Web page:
How to best leverage your articles for SEO (even if you wrote them for someone else)
March 9, 2010 • Glenn Murray
A Twitter friend emailed me yesterday with a question about how best to leverage her wealth of articles, some of which she’d written for clients. My answer turned into something of an essay, so I thought I might publish it as a blog post, so others might benefit from it too.
“I’ve built up a load of articles written for my clients on the topic of wellbeing, a few magazine articles I’ve written on the same topic, and a smattering of assorted articles on a whole bunch of topics. I would like to submit these to article submission sites such as Ezine Articles.
I’m unsure how much editing I should do on them to avoid search engine black-listing and in relation to acknowledging my clients (most of who are quoted in the articles).
Have you ever submitted an article that you’ve written on behalf of a client and, if so, how you’ve discussed it with the client? Do you think it would be wise to ask their permission and leave in their quotes? Do you foresee any problem/s with this?”
Ask the client’s permission?
Yeah, I’d definitely ask the client’s permission. Although, technically, in Australia, copyright remains the property of the creator unless otherwise agreed (sometimes agreement can be implicit), most clients are unaware of this. They think they own the article ‘cos they paid for it. So if you don’t request permission, you could find yourself in trouble… if not legal, then at least client-relationship-wise. By requesting permission, on the other hand, you’re showing respect and courtesy, and clients will like that. Most often, you’ll find your clients will be happy for you to include the article as is, so long as you link to their site as well as your own in the article. After all, they’re featured in the article, and it will ultimately help their SEO too.
A few of my earlier articles fell into this category:
Note, however, that in most of the above articles, I DIDN’T include the client’s details (all the real estate and lifestyle articles). I spoke with the client, though, and I remember he was very dismissive of the whole thing. “Yeah, yeah, that’s fine. Whatever…” Didn’t care at all. Most clients won’t be like this.
Getting best SEO value out of your articles
As to where and how to post the articles in order to get best SEO value out of them… If they’re on topic (i.e. closely related to the subject matter of your site), I’d be inclined to post them on your blog first, then a few days later, distribute them to the article directories. This way, you get the social media benefit of the articles (the subsequent editorial links if the articles are good — these links are worth more than the author bio links you get from article PR), as well as the SEO benefit of the article PR. Know what I mean?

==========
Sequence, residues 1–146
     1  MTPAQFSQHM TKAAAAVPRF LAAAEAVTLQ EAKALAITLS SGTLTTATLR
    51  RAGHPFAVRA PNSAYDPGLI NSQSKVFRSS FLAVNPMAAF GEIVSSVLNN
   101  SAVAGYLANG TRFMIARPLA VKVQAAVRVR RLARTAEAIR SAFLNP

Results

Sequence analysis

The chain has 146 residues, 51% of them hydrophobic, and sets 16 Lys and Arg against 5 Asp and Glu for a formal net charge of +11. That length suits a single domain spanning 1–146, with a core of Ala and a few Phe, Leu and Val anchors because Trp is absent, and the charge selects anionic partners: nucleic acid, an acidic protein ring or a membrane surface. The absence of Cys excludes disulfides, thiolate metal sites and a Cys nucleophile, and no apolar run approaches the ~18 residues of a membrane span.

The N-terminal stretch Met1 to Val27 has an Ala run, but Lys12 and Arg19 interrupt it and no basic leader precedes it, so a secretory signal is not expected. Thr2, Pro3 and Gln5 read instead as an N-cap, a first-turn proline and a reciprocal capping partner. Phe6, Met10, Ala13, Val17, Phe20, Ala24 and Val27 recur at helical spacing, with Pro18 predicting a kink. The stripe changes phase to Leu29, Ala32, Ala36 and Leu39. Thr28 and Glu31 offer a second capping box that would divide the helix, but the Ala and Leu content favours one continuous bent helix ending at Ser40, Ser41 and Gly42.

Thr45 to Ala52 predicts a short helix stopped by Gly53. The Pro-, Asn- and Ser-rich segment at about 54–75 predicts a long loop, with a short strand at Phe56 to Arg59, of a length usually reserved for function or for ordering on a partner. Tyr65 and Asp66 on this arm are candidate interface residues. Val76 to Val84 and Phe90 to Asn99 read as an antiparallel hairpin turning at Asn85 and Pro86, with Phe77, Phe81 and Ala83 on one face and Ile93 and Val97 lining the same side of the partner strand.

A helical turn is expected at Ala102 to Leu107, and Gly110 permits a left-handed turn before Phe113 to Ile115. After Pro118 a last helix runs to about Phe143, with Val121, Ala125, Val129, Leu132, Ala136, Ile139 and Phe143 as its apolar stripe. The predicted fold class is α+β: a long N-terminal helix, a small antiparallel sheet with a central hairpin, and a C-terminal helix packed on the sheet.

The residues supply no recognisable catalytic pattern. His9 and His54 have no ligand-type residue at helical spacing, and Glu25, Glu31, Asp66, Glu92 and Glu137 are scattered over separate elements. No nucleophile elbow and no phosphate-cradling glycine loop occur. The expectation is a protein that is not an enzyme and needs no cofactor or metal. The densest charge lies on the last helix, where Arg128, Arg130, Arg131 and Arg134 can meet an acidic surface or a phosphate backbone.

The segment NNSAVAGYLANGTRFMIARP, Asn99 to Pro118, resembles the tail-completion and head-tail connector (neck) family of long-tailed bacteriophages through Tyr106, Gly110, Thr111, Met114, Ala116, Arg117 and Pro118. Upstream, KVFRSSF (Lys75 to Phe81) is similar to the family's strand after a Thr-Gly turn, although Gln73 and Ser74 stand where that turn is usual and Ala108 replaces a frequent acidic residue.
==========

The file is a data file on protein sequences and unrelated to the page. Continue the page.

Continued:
Note also that when you post them on your blog, you should also announce them to your social media following(s), etc etc. so that people are actually aware of them.
And do all of the above one at a time, though, not all at once. Drip-feed style. Otherwise you’ll use up all your blog content in one fell swoop.
About duplicate content
Re duplicate content: Firstly, be aware that there’s no such thing as a ‘duplicate content penalty’. There’s only a ‘duplicate content filter’. This is a Google filter that seeks to ensure that Google’s search results aren’t dominated by the same content over and over again. When Google identifies two identical articles, for example, it applies some intelligence to decide which one to display in the search results. E.g. It might choose to display the version that was published first, or the version that’s hosted on the site with the highest ranking, or the version on the site that’s most closely related to the subject matter of the article.
In other words, your article may not actually be returned in the search results, and unless you change the article pretty significantly, there’s not a lot you can do about that. Google decides. Especially if the article has already been published elsewhere.
That’s not a huge problem, though. You still get the full value of the backlinks to your site. So the articles still help your site’s ranking. If I were in your shoes (and I have been), I’d leave the articles as they are, cop it on the chin if Google displays another version of the article, and just be happy about the link juice you’re getting.